The Horticultural flora is the first comprehensive account of its kind in Australia, and takes advantage of the resources and expertise at the Royal Botanic Gardens Melbourne. Plant descriptions are in non-technical language and there are extensive identification aids, including over 3,000 diagnostic line drawings.
Detail provided includes: the range of available cultivars (with descriptions and details of their origin when known); specialists societies and their journals; the places and people that hold important plant collections; and the localities and brief history of outstanding specimen trees.
- Spencer, R.D. (1995–2005). A horticultural flora of south-eastern Australia, vols. 1–5. University of New South Wales Press, Sydney.
Plant names: a guide to botanical nomenclature
Plant names is a plain English guide to the use of plant names and the conventions for writing them as governed by the International Code of Nomenclature for algae, fungi and plants and the International Code of Nomenclature for Cultivated Plants. It covers the naming of wild plants, plants modified by humans, why plant names change, their pronunciation and hints to help remember them. The final section provides a detailed guide to websites and other published resources useful to people using plant names.
The book incorporates the latest information in the most recently published botanical and cultivated plant codes, both of which are technical scientific publications that are difficult to read for all but the most dedicated botanists and horticulturists. Plant names offers professional horticulturalists and hobby gardeners a guide to using the multitude of names, including marketing names, on plant labels. For botanists to publishers, professional horticulturists, nurserymen, hobby gardeners and anyone interested in plant names, this book is an invaluable guide to using the potentially confusing array of scientific, commercial and common names.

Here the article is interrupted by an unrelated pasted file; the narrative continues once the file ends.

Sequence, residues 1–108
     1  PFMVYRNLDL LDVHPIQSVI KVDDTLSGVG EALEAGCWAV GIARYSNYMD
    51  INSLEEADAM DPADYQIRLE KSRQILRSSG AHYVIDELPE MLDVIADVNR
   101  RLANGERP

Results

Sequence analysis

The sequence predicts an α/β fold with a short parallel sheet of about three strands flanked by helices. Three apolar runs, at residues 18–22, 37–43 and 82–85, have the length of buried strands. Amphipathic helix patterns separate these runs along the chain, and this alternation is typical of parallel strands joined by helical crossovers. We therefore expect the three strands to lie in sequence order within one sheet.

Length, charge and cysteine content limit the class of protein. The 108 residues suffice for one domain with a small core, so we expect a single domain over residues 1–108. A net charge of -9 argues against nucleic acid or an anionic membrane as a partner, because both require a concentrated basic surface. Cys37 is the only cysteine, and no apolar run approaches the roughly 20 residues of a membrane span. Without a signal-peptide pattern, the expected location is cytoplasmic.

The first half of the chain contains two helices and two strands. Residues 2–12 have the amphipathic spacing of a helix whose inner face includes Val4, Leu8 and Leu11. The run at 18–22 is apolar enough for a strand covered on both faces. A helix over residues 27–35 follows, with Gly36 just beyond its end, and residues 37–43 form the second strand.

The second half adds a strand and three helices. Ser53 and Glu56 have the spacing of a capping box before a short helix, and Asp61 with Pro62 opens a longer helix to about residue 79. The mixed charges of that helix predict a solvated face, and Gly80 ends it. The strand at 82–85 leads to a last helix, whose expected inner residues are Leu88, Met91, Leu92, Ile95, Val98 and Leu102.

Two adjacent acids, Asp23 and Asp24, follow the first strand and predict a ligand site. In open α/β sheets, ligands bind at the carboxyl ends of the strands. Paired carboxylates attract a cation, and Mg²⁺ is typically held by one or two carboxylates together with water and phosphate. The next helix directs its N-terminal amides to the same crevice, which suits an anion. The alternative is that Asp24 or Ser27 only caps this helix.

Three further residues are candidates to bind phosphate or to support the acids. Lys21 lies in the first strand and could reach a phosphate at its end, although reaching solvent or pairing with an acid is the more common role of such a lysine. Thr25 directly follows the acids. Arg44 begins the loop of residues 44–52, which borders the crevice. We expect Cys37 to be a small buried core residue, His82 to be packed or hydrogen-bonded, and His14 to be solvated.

- Spencer, R., Cross, R. and Lumley, P. (2007). Plant names: a guide to botanical nomenclature, 3rd edn. CSIRO Publishing, Collingwood.
Sustainable gardens provides home gardeners, professional horticulturists, landscapers and those interested in sustainability science with the necessary background to make informed decisions about how to manage cultivated land as part of a general strategy for leading more sustainable lives.
Behaving sustainably reaches into all aspects of our lives. A major challenge of this book has been to place horticulture within the complicated context of ecology, environmental and social management, and practical gardening. Readers will find as much in this book about sustainability as they find about their parks and gardens.
The book introduces sustainability, its relationship to landscapes and gardens, and then proceeds to chapters on sustainable garden design, sustainability in the broader landscape, landscape construction and maintenance. The overarching theme is of human consumption as a major driver of environmental impact, because this is the area where we can all act and make a difference.
The book is not about new or old gardening methods, or right and wrong practices, but simply an aid to gardening more in harmony with the natural world.
- Cross, R. and Spencer, R. (2009). Sustainable gardens. CSIRO Publishing, Collingwood.